The most exceptional men and women in the world of sports offer a unique blend of talent and courage that continues to inspire others long after they’re off the field or the court or the track.
Four of those exceptional individuals were honored recently at the 20th Anniversary Courage Awards. Sponsored each year by the Tempe Sports Authority Foundation, the event honors those who have demonstrated heroism and courage in the face of adversity as they overcame physical challenges. One of those individuals, Sam Schmidt, has a special relationship with BraunAbility, but each of these heroes deserves a shout-out.
Sam Schmidt was a successful Indy Car Driver who had won multiple national championships and was pursuing his dream of racing in the Indy 500 when he was injured critically in a crash in 1997. The accident left him a quadriplegic with no movement below the shoulders.
The accident took away his mobility – but not his drive to compete. He started Sam Schmidt Motorsports, and his teams have amassed over 50 victories and 6 championships. A second venture is even closer to his heart – the formation of the Sam Schmidt Paralysis Foundation, which exists to find a cure for paralysis and help those adjusting for a life with paralysis.
A former Cal State Fullerton catcher, Jon was in a horrific car accident that killed three friends and left him severely injured. In fact, doctors discovered that the only things keeping his his head in place were skin, muscle and the rigid collar paramedics had placed on him at the scene. A surgical team of 30 experts spent hours placing a titanium plate to connect his neck and skull. His recovery was exceptional – he was able to rehab his way back to walking, speaking and swallowing on his own. Jon has made appearances on the baseball field for several ceremonial first pitches and was named a “Hero of Healing” by the UC Irvine Medical Center in 2012.
Another promising college baseball star, Cory Hahn was three games into his season at Arizona State University when he attempted to steal his first base in college. He dove into the second base and compressed his spinal cord, leaving him paralyzed from his mid-chest down. After months of rehab, Cory has developed bicep, shoulder and wrist function. He is navigating a college campus of about 60,000 students and is majoring in business. Cory has even learned to drive a BraunAbility Rampvan and has not missed a step academically. He’s still working out and building strength, getting closer and closer to the day he may take a step again.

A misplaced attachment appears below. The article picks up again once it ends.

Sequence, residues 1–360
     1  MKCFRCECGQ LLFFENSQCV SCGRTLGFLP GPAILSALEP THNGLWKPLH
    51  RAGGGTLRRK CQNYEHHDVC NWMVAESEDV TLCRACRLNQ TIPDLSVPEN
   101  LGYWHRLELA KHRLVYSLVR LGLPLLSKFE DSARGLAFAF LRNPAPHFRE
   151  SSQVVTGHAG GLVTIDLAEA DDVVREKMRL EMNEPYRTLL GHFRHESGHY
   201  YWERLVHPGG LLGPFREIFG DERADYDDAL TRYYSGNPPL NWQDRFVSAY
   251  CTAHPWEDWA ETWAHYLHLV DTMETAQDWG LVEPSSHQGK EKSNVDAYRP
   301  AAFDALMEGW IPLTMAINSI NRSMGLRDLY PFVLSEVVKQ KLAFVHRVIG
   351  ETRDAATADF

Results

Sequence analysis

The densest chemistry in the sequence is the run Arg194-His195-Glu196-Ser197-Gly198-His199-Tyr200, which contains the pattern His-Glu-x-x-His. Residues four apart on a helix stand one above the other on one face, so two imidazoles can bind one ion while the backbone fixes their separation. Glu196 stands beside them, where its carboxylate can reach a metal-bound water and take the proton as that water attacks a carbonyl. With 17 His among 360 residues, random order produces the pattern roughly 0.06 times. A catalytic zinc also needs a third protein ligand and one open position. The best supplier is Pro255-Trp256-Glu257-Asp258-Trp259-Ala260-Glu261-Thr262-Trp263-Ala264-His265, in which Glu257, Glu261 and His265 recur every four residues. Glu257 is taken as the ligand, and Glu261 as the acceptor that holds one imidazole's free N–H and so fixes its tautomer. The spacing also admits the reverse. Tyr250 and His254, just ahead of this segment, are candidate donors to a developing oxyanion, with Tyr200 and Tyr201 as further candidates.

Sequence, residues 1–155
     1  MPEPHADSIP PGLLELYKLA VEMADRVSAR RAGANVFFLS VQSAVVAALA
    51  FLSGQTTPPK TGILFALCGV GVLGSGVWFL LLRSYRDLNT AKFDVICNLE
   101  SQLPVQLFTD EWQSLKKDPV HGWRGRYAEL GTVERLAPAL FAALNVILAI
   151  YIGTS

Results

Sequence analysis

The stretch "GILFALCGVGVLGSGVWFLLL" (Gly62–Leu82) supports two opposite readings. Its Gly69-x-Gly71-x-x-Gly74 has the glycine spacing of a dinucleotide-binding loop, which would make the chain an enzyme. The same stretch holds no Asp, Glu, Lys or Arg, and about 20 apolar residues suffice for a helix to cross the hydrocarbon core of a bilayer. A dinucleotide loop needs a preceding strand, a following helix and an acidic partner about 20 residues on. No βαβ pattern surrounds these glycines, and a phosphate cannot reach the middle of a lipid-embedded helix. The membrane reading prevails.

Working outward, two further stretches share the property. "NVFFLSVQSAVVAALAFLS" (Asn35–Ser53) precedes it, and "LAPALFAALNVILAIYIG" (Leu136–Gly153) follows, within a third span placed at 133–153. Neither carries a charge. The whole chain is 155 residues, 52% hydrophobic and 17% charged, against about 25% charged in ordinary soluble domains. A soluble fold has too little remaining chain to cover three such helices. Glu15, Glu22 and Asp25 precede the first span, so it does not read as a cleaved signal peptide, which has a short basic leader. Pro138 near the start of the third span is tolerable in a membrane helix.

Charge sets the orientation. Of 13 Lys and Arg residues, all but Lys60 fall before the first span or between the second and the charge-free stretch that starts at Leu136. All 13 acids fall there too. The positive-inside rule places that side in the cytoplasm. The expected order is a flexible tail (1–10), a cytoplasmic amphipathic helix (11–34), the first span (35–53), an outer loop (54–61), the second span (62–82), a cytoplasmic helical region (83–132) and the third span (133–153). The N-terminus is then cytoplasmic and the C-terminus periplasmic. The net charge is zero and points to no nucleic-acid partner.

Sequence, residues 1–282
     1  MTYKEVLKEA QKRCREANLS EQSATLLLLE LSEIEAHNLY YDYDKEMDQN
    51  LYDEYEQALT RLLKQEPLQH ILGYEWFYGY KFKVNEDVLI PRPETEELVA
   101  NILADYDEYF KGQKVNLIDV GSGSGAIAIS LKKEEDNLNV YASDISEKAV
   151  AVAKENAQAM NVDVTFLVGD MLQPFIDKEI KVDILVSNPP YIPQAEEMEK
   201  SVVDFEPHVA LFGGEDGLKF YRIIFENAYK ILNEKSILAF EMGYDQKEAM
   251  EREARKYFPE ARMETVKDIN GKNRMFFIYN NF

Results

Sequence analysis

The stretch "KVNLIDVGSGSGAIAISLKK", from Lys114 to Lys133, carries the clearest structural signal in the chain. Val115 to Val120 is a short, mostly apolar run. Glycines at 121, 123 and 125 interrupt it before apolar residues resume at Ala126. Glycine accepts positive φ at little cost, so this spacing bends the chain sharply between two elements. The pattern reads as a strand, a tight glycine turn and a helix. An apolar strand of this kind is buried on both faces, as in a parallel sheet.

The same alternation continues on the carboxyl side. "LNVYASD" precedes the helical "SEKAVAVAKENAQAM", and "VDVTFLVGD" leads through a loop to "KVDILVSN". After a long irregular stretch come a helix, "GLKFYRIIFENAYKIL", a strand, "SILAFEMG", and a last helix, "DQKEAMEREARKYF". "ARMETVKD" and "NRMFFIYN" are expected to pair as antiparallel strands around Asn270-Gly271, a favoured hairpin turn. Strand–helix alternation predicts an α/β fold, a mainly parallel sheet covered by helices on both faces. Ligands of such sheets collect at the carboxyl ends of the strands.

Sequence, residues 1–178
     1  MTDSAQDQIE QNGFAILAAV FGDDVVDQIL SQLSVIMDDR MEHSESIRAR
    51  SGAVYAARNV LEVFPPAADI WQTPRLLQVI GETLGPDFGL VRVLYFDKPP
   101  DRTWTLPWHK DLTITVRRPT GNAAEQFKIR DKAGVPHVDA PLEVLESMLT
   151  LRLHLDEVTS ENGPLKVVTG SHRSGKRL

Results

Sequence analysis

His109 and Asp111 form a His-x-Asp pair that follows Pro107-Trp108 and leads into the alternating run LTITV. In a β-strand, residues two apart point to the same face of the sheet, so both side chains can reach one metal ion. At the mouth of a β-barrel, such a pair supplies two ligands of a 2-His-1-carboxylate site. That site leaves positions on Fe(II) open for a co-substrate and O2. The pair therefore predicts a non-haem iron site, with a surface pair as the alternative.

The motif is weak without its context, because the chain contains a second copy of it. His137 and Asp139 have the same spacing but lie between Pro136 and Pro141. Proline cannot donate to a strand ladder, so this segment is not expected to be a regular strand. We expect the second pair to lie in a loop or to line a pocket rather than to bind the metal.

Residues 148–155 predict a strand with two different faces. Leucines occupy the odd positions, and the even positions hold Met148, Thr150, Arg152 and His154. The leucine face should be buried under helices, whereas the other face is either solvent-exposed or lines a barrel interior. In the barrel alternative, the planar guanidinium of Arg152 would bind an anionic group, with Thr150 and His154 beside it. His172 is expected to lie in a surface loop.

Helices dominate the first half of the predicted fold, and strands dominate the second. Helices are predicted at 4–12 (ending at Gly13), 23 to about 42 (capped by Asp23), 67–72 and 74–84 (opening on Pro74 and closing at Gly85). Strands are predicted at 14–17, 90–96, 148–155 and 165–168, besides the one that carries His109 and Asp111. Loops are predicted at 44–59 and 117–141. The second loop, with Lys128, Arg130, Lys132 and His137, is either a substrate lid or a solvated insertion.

Colonel Greg Gadson
A standout football star at West Point and a decorated colonel in the army, Colonel Gadson commanded the 2nd battalion, 32 field artillery in Iraq. In 2007 an IED attack resulted in the loss of both legs and normal use of his right arm and hand. He is still on active duty, and continues to inspire across the country — including a talk with a struggling NY Giants team at the request of Head Coach Tom Coughlin. Coughlin recognized his ability to speak on the critical need for teamwork and camaraderie, and his inspirational spirit was almost tangible.The team named him Honorary Co-Captatin at the NFC Championship game.
Gadson has served in every major conflict of the past two decades and has been awarded multiple distinctions, including the Legion of Merit, three Bronze Stars, the Purple Heart and the Army Commendation Medal. He holds two Masters Degrees and an honorary Doctorate of Law. He is the first bilateral amputee to command an Army Installation – Fort Belvoir in Virginia.
Our sincerest congratulations to these fine men for the much-deserved honor.